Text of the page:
I attended this concert with my son. Eric relocated the family Sgt. Pepper album to his room when he was 3 and played it day and night. When he was 13 he had his own band that covered the Beatles for the high school dance. I’m saying this album has been loved ‘in my life.’
Last night I loved it more. Not better, just more. The Art of Time’s version—each song totally re-imagined by a jazz-pop-folk-classical specialist to sound a little different—but each difference somehow invoked the original which also sang in my head like a ghost.
Music Director Andrew Burashko introduced the first number, “Strawberry Fields” as an included reject from the album (released same year, ’67, as a double-sided single with “Penny Lane”). It opens in Art of Time chamber-music mode—Rachel Mercer heavy on the cello—moves towards the mainstream on Joe Philips’ base line, and on the third chorus finally goes rock, but concludes Art of Time-wise with a mariachi riff from Larry Larson’s trumpet.
The show’s fab four, Steven Page, John Mann, Andy Maize and Craig Northey collaborated nicely on a version of “Sgt. Pepper” that was suitably psychedelic in homage to George Martin, though spiced with some klezmer and a kind of Euro/Cabaret/Kurt Weil/Tom Waits dissonance that is the Art of Time signature on this album. “Lucy in the Sky” was thin; “Getting Better” was better. Craig Northey’s “Mr. Kite” made me nostalgic. John Mann, possibly the best singer in the group did the whole show clutching a page of lyrics in his hand which kept me running this line from Dylan’s “Hard Rain”—“I’ll know my song well before I start singing.” Side one ended with Steven Page moving the show into some deep emotion with “She is leaving.”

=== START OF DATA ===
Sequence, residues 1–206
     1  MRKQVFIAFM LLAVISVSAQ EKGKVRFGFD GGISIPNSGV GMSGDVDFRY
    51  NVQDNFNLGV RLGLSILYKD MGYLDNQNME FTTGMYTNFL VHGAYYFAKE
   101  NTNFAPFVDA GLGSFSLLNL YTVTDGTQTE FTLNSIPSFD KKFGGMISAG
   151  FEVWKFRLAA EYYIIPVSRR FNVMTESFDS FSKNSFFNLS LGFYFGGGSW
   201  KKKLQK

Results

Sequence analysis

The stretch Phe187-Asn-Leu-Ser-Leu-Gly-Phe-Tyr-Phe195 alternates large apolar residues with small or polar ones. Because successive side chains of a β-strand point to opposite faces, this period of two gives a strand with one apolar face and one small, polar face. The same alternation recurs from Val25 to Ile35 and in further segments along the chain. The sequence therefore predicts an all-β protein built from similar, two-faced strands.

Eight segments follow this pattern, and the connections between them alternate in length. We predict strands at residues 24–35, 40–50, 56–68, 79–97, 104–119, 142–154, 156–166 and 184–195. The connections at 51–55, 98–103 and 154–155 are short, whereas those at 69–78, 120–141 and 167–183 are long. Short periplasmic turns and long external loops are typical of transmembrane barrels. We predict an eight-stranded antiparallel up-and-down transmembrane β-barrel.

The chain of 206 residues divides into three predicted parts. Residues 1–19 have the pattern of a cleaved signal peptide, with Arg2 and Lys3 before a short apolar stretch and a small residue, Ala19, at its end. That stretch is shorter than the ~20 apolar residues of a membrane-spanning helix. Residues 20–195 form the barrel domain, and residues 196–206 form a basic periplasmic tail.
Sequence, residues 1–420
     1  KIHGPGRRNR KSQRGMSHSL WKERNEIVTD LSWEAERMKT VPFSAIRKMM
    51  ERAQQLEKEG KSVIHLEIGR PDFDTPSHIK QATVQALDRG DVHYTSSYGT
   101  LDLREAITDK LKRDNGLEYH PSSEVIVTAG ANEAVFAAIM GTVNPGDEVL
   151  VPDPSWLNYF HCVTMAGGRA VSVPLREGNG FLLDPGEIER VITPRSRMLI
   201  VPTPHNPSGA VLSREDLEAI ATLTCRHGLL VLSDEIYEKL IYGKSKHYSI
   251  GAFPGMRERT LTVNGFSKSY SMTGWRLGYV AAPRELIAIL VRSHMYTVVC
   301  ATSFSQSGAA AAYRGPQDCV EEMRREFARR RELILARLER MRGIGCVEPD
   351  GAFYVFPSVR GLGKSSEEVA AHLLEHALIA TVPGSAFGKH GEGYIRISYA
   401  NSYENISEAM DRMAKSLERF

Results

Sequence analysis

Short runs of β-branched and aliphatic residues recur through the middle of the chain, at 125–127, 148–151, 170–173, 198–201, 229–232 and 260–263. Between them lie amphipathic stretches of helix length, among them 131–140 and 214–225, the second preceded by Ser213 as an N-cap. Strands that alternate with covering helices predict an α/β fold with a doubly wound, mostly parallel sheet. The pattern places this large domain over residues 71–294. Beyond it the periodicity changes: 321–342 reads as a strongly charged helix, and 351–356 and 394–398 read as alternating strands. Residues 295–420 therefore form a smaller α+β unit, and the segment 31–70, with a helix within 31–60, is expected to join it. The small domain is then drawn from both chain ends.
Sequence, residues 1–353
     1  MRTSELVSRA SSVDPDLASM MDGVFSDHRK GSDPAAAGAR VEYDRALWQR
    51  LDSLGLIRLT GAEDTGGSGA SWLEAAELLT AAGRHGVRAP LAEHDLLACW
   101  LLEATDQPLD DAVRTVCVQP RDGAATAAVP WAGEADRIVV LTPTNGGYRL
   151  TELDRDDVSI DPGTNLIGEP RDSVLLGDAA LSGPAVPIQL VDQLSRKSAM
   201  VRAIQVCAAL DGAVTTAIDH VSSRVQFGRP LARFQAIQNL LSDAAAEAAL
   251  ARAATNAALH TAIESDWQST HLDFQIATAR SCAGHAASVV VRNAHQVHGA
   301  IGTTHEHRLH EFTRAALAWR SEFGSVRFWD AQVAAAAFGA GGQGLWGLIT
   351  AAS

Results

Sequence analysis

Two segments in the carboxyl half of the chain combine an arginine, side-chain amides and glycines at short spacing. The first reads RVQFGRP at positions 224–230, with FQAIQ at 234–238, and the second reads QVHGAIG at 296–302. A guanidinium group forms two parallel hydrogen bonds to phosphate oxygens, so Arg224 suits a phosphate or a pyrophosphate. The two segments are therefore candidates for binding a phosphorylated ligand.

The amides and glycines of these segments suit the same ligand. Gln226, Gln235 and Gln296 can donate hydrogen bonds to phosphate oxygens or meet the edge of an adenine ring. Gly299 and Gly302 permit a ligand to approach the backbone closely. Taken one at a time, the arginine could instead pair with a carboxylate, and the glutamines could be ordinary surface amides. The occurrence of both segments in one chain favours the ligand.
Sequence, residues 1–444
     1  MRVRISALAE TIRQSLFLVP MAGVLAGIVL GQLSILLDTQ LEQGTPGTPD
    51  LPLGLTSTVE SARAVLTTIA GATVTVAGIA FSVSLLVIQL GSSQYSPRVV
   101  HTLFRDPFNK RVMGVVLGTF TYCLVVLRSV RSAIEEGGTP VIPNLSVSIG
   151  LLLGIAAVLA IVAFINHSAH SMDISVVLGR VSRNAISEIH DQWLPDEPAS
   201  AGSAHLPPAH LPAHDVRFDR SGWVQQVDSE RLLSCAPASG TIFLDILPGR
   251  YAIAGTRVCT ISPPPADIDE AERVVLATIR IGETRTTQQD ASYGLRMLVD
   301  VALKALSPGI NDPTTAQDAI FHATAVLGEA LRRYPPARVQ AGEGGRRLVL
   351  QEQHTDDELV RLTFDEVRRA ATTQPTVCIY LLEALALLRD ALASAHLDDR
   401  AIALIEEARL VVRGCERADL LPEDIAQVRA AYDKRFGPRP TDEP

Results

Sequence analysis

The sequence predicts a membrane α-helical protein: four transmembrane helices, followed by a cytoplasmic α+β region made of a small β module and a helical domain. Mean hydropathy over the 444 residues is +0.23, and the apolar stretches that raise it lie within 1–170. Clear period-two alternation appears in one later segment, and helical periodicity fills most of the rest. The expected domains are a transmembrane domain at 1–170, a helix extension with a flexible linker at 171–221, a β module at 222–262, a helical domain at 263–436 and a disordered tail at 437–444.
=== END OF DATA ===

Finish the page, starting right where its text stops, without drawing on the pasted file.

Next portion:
Side Two: George Harrison’s “Within Without” sung a bit weakly by Andy Maize, redeemed by terrific instrumentals– Larson’s trumpet blended into Carnatic string sonics from Stephen Sitarski and Doug Perry, while Rachel Mercer plucked her cello and Burashko himself played a chord inside the piano.
Stephen Page satisfied by keying “Lovely Rita” up to Paul’s original pitch and the band moved from an old-time brass vamp into a big swing band sound on John Johnson’s sax and another thrilling trumpet figure. “Sgt. Pepper’s Lonely Hearts Club Band” also wailed up to the Beatle’s thrill level on my meter, sustained by Rob Piltch’s electric guitar. Andy Maize was seriously moving on “A Day in the Life.”
The evening ended with a sing-along version of “All You Need is Love,” and at the time, it seemed to be the whole truth.
Wind and rain notwithstanding the house was packed to the rafters. The show closes tonight. Catch it if you can.
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